Overall, February’s 2006 economy grew 9.5% over the same month last year, according to the EMAE’s monthly estimate (translated as sustained economic growth for the last 39 months). The GNP grew 9.3% in first two months of 2006 over 2005’s same period. Deseasonalized, industry rose 0.4% in March 2006 over February, and 11.6% taking into account seasonality (March 2005’s industry grew 7.5%, discounting seasonality, and 7.2% excluding it—thus, in 2006’s first trimester the accumulated variation as measured with the seasonality indicator reaching 7.1%).

Quote:
Nominal salaries at close of 2006’s first trimester (according to information from the IVS of INDEC) nominal salaries grew at a rhythm of 18% annually, led by private formal salaries. However, since January, informal salaries have increased—indicating that decreased unemployment and supply stagnation (the active workforce increased little) are beginning to have an impact on the labor market.
Quote:
umulatively, primary expenditures (salaries, goods and services) grew 28%, driven by the strong increase in public works (72% annually), followed by the private sector and provincial transfers (between 27 and 28%).
Quote:
Argentina’s commerce during March yielded a surplus of U$S 814 M. Goods export reached U$S 3.528 Bn, implying 16% growth over the same month in 2005. Import added up to U$S 2.724 Bn—24% higher than March 2005, maintaining dynamic growth, with rates above 20% inter-annually. Exports grew at a rate of 16%, determined by a 6% price increase, with export volumes at 10%. Imports increased 18% in volume and prices above 5%.
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Old May 29th, 2006, 07:28 AM   #15
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Quote:
Originally Posted by mzn
haha compare it to this one:

and it will look like this in 2009

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Old May 29th, 2006, 07:31 AM   #16
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The renedering is awesome!

Cool pics man!
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Old May 29th, 2006, 11:38 AM   #17
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in 2010 the puerto madero skyline will be awesome
how it will be like in 2015 ??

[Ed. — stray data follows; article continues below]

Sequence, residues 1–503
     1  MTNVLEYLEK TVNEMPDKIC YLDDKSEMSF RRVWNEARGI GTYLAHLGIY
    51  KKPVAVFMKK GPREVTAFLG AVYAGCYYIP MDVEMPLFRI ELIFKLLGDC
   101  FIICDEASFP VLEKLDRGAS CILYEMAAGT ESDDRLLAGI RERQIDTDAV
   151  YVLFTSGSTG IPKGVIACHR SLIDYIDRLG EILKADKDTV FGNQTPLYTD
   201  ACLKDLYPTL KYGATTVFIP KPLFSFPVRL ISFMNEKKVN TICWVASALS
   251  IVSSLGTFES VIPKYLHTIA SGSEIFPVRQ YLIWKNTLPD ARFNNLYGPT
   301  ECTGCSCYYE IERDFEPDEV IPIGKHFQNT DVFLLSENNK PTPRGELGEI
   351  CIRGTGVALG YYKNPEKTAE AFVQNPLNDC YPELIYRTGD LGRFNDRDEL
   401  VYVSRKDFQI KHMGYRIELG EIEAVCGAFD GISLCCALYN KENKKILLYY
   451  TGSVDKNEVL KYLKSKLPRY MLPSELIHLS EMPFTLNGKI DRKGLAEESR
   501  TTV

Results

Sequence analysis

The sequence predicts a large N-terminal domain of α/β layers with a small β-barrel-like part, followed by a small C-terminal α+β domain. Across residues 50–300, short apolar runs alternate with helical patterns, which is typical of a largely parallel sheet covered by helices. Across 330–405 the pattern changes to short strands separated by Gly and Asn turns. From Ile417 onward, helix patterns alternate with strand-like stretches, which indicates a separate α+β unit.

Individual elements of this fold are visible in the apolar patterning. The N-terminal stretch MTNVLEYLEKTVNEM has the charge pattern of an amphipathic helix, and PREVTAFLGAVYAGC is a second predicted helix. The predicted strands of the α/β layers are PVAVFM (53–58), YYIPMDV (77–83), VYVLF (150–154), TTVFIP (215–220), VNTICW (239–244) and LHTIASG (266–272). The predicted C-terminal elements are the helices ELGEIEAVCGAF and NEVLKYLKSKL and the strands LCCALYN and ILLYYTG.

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Old May 29th, 2006, 02:54 PM   #18
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Quote:
Originally Posted by harkerb
Spectacular! Why's BA booming so much all of a sudden?
One of the main reasons is that the current economic recovery takes place in a context of negative real interest rates, which makes it more profitable for investors to put their money in real estate than in financial instruments such as time deposits. Plus, foreigners are investing as well. The Economist had a story about this last week.

Quote:
Argentina
Gringo invasion
May 25th 2006 | BUENOS AIRES
From The Economist print edition


Looking for lofts in Buenos Aires

IN 2003, when John Kahoun, a New Yorker, decided to buy an apartment as a rental investment, he was deterred by the cost of property in Manhattan. So for $70,000 he bought a loft in Buenos Aires, the home of his former wife. As Argentina's economy has recovered from its 2001-02 collapse, so have property prices. Mr Kahoun's property in Palermo Viejo, a trendy neighbourhood beloved by film-makers and artists, has nearly doubled in value.

Foreigners like Mr Kahoun have contributed to a continuing property boom in Buenos Aires. They account for up to a quarter of buyers in some wealthier neighbourhoods. Two years ago, Michael Koh, an American, set up Apartments BA, a firm which buys property for foreign clients and rents it out to foreign tenants—about 15% of whom come to the city for plastic surgery. Mr Koh says his investors, many of whom have never seen their properties, enjoyed a rise in their capital asset of 25% last year on top of rental income worth 10% of their investment.

By comparison with the United States or Europe, housing in Buenos Aires is still cheap. Modern apartments in the elegant districts of Palermo and Recoleta cost less than $1,500 per square metre, and bargain-hunters can buy in slightly older buildings in pleasant, middle-class barrios for a third less.

So far the foreign invasion has not prompted a xenophobic backlash. That may be because it is largely confined to the leafiest neighbourhoods, where many new blocks of flats are going up. And foreign buyers must climb over mounds of red tape.

Sellers demand cash. But foreigners are not legally allowed to bring large sums of money into the country. So the typical route is to transfer the money to the account of an Argentine foreign-exchange house held at a bank abroad. The exchange house converts the funds into pesos, to comply with controls on the import of foreign currency, and then back into dollars (for a fee of around 2%). On completion, the exchange house presents the buyer with a suitcase full of cash to hand over to the vendor. Only then can the would-be resident of Buenos Aires celebrate with a steak and a bottle of vino tinto.

Link
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Old May 29th, 2006, 03:15 PM   #19
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nice render, the two chateau puerto madero residence are missing in this render
I can´t wait
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Old May 31st, 2006, 05:27 AM   #20
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Quote:
Originally Posted by la bestia kuit
nice render, the two chateau puerto madero residence are missing in this render
I can´t wait
YEP, and some others too